The current show at Eastside Projects is exhibiting major video and architectural models from one of the great post-minimalist artists Dan Graham. Representing some of his most memorable work of the last thirty years – including the classic Homes for America photographic series (1966-1989) and the video ‘Performer/Audience/Mirror’ (1977) – this unique framing of his artistic enterprise is more than just another art show. Graham’s work – seemingly chaotic in its endless multi-media variety – is a highly stimulating environment made of up a series of explorations on the nature of social space.
Eastside Projects is a new art space in the area of Birmingham’s inner city Digbeth known as ‘Eastside’. The space is not another fashionable location for a new ‘creative class’, but is a project space that engages artists in a broader set of questions on the nature of the urban landscape and its development. One immediate context of these projects is the emergence of Birmingham as a major player in the European contemporary art scene. However, where the contemporary art scene is fixated on art objects and their markets, in Birmingham we find a refreshing emphasis on the social and the urban. Another immediate context of these projects is the city of Birmingham’s pressing urban condition. Current central Government-funded models of urban development are somewhat unstable and contradictory, despite the city council clinging to its pre-recession high cost official urban strategy, called the ‘Big City Plan’. For in the light of recent massive economic cutbacks, most urban actors are admitting that the era of large scale corporate ‘urban regeneration’ is over. And if urban regeneration is over, then ‘culture-led’ urban regeneration is over. We therefore require an alternative intellectual framework in which to (re)conceive the role of art and culture as a dynamo of urban transformation. Eastside Projects is just that impetus.
Since the mid-1960s, Graham’s media included the written word, photography, performance, drawing, modeling, and video. His work has been intrinsic to the recent history of contemporary art, particularly emerging from the highly-influential post-minimalist period in New York from 1968 onwards. However, through the 1970s as that generation of artists were settling into their ‘signature styles’ and signing up to large gallery deals, Graham continued travelling on the ‘edge’ of genres (as he would say), and on the cutting edge of contemporary art’s interventions into the dynamics of everyday social culture. Graham avoided the mainstream and increasingly commercialized realms of conceptual art and stage-managed performance, preferring to embed himself in emerging pop culture and new video art, writing reviews on new Punk bands and essays on the way video was transforming our cognitive understanding of urban space. Despite the fact that his writings have become seminal moments in cultural theory, today most curators and critics find his work too perplexing to handle.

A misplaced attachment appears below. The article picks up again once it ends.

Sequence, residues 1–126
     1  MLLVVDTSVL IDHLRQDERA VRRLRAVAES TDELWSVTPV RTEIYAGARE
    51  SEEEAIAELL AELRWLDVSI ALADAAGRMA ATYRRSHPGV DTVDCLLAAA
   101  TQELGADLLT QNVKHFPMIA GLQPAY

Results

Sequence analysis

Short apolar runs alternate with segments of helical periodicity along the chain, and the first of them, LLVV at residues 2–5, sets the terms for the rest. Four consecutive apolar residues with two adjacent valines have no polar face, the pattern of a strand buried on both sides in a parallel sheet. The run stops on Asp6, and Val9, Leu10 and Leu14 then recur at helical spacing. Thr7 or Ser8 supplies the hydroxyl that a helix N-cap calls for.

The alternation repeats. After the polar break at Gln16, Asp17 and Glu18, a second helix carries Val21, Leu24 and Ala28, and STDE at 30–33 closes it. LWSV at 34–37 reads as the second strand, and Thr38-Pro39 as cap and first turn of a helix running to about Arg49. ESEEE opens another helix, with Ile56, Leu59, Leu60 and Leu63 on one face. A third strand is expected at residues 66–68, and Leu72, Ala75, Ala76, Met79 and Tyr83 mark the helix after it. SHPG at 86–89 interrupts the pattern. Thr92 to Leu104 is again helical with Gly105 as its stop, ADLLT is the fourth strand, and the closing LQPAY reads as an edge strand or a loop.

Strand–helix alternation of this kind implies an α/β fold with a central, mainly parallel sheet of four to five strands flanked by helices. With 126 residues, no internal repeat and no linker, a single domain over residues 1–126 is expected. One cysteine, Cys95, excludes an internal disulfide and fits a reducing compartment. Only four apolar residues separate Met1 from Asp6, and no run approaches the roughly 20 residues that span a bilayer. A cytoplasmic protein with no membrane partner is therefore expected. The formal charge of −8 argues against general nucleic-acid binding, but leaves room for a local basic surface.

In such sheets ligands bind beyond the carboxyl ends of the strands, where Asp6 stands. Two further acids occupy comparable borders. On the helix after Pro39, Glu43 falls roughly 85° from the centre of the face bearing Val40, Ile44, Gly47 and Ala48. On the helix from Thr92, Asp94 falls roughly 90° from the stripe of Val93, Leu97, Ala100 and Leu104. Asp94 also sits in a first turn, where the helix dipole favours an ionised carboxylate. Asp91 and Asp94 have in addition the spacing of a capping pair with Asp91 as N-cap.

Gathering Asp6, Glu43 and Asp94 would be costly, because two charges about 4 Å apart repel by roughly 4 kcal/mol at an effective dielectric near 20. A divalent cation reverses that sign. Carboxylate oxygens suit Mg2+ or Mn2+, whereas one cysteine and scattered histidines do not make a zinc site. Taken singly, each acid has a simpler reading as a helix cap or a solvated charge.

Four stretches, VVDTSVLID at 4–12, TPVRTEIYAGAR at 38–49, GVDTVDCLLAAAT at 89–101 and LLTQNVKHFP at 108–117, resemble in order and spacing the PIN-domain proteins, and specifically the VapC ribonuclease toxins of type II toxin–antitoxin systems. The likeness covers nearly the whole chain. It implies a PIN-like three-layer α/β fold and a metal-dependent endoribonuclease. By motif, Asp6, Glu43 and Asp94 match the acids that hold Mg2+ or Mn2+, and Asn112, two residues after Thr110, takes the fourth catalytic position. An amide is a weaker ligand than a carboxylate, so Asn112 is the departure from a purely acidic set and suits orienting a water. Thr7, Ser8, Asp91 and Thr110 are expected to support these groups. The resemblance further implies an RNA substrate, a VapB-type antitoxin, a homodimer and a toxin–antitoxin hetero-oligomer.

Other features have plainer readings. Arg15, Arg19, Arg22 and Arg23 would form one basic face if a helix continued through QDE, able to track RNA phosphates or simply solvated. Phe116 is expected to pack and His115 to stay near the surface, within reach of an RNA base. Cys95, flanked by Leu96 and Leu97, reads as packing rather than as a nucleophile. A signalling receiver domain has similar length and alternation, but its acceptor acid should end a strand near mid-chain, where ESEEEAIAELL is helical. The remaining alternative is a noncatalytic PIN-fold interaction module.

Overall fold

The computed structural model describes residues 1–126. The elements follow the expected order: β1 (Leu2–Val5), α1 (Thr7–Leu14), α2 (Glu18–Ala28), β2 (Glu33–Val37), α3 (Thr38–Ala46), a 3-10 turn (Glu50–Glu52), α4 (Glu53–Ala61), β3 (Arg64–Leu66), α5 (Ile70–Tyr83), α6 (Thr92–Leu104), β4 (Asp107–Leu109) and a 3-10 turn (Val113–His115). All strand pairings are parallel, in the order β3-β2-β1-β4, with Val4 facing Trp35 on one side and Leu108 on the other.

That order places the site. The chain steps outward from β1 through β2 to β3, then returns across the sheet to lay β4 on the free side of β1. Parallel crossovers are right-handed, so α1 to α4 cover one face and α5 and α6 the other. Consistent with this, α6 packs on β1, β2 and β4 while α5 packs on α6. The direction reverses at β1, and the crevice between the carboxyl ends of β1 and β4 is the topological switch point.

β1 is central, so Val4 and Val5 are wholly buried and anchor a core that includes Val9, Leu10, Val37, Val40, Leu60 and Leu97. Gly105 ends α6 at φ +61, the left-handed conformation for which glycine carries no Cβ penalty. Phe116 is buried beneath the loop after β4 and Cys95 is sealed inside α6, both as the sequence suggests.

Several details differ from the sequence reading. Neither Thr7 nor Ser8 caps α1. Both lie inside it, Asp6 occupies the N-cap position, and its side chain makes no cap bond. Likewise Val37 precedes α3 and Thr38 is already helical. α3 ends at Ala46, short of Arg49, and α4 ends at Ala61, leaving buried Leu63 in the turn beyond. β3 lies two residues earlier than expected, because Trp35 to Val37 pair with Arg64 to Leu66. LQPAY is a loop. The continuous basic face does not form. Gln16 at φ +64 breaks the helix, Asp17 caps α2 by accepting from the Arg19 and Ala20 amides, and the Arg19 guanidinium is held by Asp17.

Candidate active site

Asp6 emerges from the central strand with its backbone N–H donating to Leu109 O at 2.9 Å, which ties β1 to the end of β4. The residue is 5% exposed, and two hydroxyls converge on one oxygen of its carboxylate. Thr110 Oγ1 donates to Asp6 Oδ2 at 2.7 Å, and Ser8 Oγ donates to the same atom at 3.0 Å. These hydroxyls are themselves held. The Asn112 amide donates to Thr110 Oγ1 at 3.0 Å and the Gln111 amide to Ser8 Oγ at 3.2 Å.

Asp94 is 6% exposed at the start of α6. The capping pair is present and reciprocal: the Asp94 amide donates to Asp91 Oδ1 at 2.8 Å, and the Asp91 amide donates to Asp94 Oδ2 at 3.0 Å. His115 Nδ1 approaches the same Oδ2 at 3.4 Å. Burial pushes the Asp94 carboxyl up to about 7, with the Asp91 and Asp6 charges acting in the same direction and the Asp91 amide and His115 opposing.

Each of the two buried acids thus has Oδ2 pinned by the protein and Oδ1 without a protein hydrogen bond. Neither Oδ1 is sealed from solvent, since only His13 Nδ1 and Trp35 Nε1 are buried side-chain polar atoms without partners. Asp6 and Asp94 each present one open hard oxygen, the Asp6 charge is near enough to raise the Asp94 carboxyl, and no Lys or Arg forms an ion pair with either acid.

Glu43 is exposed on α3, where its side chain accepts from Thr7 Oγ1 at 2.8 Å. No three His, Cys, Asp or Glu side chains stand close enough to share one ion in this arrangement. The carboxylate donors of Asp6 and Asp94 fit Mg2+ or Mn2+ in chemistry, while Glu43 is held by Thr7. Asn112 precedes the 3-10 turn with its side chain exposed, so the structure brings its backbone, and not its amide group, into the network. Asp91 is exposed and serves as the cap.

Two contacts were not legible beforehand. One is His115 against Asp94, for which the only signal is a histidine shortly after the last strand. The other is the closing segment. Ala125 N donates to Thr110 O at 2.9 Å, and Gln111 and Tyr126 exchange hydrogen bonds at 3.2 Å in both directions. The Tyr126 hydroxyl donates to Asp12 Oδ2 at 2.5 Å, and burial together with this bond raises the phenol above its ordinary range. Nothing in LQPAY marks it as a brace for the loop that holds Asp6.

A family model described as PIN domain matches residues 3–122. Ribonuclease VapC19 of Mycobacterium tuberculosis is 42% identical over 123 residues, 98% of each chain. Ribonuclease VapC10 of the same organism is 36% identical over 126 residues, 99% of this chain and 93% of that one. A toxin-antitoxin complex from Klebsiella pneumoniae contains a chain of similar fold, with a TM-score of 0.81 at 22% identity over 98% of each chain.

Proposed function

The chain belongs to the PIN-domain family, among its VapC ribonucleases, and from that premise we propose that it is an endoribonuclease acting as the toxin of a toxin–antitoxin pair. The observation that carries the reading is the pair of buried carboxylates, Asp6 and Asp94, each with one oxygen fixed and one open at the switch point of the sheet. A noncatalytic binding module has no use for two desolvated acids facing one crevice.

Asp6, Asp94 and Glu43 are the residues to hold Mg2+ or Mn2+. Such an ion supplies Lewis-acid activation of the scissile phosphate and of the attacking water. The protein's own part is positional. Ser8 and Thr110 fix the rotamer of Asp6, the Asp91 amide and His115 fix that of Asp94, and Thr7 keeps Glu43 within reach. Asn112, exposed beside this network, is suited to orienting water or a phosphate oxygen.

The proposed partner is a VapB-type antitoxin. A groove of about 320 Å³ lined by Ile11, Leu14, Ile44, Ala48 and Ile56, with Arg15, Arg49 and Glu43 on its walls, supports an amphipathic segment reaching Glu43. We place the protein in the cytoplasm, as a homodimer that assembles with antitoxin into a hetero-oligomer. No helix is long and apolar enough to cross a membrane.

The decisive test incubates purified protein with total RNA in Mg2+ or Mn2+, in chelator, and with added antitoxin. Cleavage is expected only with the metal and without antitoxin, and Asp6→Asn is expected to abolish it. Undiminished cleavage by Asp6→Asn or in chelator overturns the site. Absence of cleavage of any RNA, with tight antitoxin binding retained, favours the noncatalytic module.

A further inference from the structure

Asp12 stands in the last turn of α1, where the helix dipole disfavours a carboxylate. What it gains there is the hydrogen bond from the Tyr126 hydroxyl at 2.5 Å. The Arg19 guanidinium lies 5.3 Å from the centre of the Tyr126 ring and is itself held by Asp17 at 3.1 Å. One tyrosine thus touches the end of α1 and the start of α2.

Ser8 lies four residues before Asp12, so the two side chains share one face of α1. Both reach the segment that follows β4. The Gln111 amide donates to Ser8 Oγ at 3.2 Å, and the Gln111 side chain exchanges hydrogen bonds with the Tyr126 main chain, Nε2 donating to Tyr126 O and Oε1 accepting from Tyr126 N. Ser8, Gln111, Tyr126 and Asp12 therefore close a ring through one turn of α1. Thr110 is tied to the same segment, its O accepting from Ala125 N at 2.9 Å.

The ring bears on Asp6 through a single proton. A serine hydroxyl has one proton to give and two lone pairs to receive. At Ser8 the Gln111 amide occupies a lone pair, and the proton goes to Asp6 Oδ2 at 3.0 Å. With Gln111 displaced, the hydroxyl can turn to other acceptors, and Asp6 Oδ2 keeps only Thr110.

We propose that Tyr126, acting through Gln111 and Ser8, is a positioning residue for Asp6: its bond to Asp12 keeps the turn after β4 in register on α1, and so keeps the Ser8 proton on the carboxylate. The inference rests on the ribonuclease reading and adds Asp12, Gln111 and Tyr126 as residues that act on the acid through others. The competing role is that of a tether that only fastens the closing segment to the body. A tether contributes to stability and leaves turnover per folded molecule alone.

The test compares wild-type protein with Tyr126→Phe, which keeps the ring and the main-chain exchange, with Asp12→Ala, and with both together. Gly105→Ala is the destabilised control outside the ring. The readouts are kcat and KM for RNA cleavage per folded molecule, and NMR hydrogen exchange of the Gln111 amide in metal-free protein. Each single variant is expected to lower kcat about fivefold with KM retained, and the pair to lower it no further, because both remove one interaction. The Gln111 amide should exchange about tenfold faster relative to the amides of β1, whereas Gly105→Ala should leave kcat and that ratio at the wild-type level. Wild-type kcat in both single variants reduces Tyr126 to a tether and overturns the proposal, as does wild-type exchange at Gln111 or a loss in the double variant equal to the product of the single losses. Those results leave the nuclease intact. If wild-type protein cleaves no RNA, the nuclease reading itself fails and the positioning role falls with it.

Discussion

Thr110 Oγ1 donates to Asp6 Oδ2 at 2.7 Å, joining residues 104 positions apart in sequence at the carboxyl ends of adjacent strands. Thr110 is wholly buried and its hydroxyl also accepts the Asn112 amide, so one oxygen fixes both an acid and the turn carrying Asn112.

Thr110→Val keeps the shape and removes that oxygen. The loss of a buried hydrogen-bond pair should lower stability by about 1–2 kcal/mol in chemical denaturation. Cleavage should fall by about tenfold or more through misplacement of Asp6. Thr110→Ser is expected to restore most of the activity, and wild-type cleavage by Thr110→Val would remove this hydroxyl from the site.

Graham regards his art as ‘hybrid’, and when one considers his origins as one who aspired to, and became, an accomplished writer and critic, one gains a more suitable frame through which to approach his work. The work, like most art of its era, does not present visual solutions to conceptual problems, or artistic ‘expression’, or representations of some artistic idea. They involve the viewer in a thought process. But unlike ‘process art’ or conceptual art, which also involve the viewer in a cognitive process, Graham’s work is explicit and analytical in the way it engages the thinking subject, encouraging that subject towards a ‘mimesis’ of its intellectual approach to the visual world. There is no arty-vagueness to this work. It encourages a penetrating mindset of inquiry in the viewer – viewers can and must think for themselves. This exhibition at Eastside is an ideal introduction to Graham, as well as a means to address the very current conditions of urban life.
Graham’s architectural models confront the functionalism of modernism as well as the eclectic historicism of postmodernism’s proclivity to stylistic syncretism. This confrontation is a disavowal of the art critical dichotomies of the last forty years, and introduces the viewer to the more pressing, unpredictable and uncontrollable forces that structure social space. How do we intellectually engage with such forces? Why are the environments we live indifferent to our needs? This is not a game of constructing explanations and Graham is uninterested in established academic models of analysis. Urban life does not admit such; they are ineffectual when confronting it. Rather, we are to develop a more assertive (if less egotistic) means to explore the concealed conditions within which we live – and exploration means being embedded in the object of investigation. Thus in Graham’s work it’s difficult to find the line where what is normally called ‘subject matter’ is differentiated from its modes of representation, or the artists own ‘take’ on it.